reasoned action. Multiple regression analysis of the full olive oil use subjects* only* only
model yielded R = 0.71 (p= < 0.001), and adjusted R2 =
Improves taste of salads 0.6167 0.4000 0.1457
0.50. The sum of belief-evaluation products (∑be)
correlated significantly with the attitude measure (Aact) Improves taste of cooking 0.5845 0.4444 0.1682
(r = 0.63, p = < 0.01) and the attitude measure (Aact) in Is healthier 0.5033 0.3518 0.1683
turn correlated significantly with the intention to use Is expensive –0.1075 –0.1486 0.0852
olive oil (r = 0.71, p = < 0.001 ). However, inclusion of the Is for special occasions –0.2990 –0.3498 0.0463
measure of attitude of others (subjective norm) did not *p = < 0.001
add significantly to the prediction of intentions.
12 BRITISH FOOD JOURNAL 96,11

users only was seen to be weak across all salient beliefs Conclusions
(Table II). When the same belief list is applied to all This study reaffirmed the efficacy of the theory of
respondents it is inevitable that some of the items will be reasoned action as a means of identifying the major
non-salient for some respondents. Higher correlations factors influencing discretionary behaviour such as food
with the global measure of attitude have been reported in choice. Analysis of the aggregated data revealed a strong
studies using the belief items of greatest salience to each correlation between attitude-evaluation of attributes and
subject. This approach is complex and impractical for behavioural intention. The disaggregated data provided
widespread application, but it could be applied to sub- evidence of attitudinal-behavioural consistency with use
groups; for example, Kristiansen[31] found that smokers or non-use being strongly related to attitudes, especially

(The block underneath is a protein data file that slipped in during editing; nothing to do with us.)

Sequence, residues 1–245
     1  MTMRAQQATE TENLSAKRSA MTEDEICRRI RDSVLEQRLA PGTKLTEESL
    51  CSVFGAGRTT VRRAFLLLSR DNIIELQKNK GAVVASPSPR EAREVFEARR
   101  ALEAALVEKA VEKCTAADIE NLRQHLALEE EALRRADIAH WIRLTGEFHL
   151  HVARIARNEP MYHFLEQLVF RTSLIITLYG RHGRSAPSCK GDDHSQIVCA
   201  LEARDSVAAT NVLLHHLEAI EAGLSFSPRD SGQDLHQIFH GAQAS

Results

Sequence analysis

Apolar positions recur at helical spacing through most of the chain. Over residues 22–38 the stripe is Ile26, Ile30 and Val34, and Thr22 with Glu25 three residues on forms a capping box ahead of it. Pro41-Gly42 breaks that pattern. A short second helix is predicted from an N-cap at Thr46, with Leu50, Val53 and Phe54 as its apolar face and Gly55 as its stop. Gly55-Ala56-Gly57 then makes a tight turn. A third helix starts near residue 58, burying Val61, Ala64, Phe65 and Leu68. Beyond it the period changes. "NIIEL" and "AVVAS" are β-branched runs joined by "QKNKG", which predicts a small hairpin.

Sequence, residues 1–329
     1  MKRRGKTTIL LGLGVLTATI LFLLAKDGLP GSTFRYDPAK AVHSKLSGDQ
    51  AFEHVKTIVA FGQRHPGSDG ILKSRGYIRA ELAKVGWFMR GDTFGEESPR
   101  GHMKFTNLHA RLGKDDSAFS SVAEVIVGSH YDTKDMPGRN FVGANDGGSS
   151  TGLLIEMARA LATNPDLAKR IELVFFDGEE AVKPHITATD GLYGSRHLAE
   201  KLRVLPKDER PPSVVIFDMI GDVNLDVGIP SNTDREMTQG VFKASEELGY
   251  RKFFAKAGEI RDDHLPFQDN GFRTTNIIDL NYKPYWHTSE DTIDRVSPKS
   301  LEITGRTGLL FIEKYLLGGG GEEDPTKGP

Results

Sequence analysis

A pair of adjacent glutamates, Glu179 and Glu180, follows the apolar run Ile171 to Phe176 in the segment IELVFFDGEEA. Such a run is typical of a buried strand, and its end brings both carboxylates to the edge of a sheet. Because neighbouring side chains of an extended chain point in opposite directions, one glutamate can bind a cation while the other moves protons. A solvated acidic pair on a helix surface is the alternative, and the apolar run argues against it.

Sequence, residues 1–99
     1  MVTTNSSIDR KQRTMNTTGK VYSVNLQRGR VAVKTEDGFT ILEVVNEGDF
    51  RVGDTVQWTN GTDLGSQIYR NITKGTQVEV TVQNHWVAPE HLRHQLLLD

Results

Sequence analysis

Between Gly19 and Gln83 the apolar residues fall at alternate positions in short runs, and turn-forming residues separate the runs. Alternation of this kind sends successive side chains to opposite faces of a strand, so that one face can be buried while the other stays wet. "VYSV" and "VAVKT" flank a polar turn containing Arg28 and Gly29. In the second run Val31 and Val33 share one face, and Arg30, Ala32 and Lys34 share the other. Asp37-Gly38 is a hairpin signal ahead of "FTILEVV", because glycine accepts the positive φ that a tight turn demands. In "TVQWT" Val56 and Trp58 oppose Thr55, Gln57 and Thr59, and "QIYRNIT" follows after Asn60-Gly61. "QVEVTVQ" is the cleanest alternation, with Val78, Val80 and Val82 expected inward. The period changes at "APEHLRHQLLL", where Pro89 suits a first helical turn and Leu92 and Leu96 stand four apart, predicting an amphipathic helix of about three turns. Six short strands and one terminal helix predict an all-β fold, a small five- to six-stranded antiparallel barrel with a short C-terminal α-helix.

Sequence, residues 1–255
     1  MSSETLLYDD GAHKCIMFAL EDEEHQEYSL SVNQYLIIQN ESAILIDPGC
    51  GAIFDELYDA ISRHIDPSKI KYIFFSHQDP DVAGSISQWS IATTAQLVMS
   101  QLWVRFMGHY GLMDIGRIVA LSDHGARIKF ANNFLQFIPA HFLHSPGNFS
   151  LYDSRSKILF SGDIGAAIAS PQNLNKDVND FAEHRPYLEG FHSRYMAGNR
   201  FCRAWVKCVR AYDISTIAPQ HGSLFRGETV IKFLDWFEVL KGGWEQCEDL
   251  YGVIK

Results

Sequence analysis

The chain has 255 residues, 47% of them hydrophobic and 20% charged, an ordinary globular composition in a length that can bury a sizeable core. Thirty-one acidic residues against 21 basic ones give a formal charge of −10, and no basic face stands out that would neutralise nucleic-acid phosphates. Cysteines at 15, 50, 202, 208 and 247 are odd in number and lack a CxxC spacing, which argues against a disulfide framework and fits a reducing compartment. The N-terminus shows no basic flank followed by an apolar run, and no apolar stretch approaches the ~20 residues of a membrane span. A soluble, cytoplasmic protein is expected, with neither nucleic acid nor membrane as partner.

and non-smokers had different salient beliefs. In the those concerning the flavour-enhancing attributes of olive
current study non-users were found to represent only a oil. Health attributes were also found to be an important,
quarter of the respondents, and it is possible that at the but lesser, predictor of usage, which calls into question
elicitation stage the beliefs of this small group were some of the assumptions about reasons for growth in
discounted. Therefore, although over-extended belief lists olive oil consumption. Price considerations and special
are generally to be avoided as results are often improved occasion usage were found not to be important
by reducing the number of salient beliefs, it is possible determinants of the decision to use olive oil. These
that non-users have a different set of salient beliefs, the findings can usefully be applied to product positioning
inclusion of which would further improve the predictive and message construction.
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power of the model.


In common with other studies of food choice, normative
Intercorrelation between belief-evaluation variables was social factors were not found to be a good indicator of
tested and generally found to be of a low order, an olive oil usage. This may be because food choice is a
indication of their independence from each other. The relatively low involvement decision. Inclusion of a
exceptions to this were the two beliefs regarding flavour measure of involvement, and discrimination between the
enhancement which were, not unexpectedly, shown to be salient beliefs of users and non-users may further
measuring much the same thing (Table III). enhance the efficacy of the model in future food choice
studies.
In common with several other food choice applications of
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Keith E. Thompson, Nikolaos Haziris and Panagiotis J. Alekos are at the Silsoe College, Cranfield University, Bedford.
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264-282. [CrossRef]
28. E-Service Customization 19-46. [CrossRef]